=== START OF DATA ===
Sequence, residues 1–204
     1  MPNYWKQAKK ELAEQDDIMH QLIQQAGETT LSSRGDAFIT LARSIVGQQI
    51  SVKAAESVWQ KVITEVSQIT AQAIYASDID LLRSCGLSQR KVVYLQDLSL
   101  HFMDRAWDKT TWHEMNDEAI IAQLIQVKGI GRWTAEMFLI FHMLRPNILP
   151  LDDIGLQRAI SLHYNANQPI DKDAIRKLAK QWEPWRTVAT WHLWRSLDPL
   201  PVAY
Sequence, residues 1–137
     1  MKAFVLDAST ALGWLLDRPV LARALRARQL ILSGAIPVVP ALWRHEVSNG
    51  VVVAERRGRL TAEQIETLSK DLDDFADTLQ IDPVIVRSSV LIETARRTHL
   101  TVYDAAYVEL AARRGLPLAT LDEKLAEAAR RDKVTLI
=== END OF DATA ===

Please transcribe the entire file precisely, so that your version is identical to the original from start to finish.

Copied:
Sequence, residues 1–204
     1  MPNYWKQAKK ELAEQDDIMH QLIQQAGETT LSSRGDAFIT LARSIVGQQI
    51  SVKAAESVWQ KVITEVSQIT AQAIYASDID LLRSCGLSQR KVVYLQDLSL
   101  HFMDRAWDKT TWHEMNDEAI IAQLIQVKGI GRWTAEMFLI FHMLRPNILP
   151  LDDIGLQRAI SLHYNANQPI DKDAIRKLAK QWEPWRTVAT WHLWRSLDPL
   201  PVAY
Sequence, residues 1–137
     1  MKAFVLDAST ALGWLLDRPV LARALRARQL ILSGAIPVVP ALWRHEVSNG
    51  VVVAERRGRL TAEQIETLSK DLDDFADTLQ IDPVIVRSSV LIETARRTHL
   101  TVYDAAYVEL AARRGLPLAT LDEKLAEAAR RDKVTLI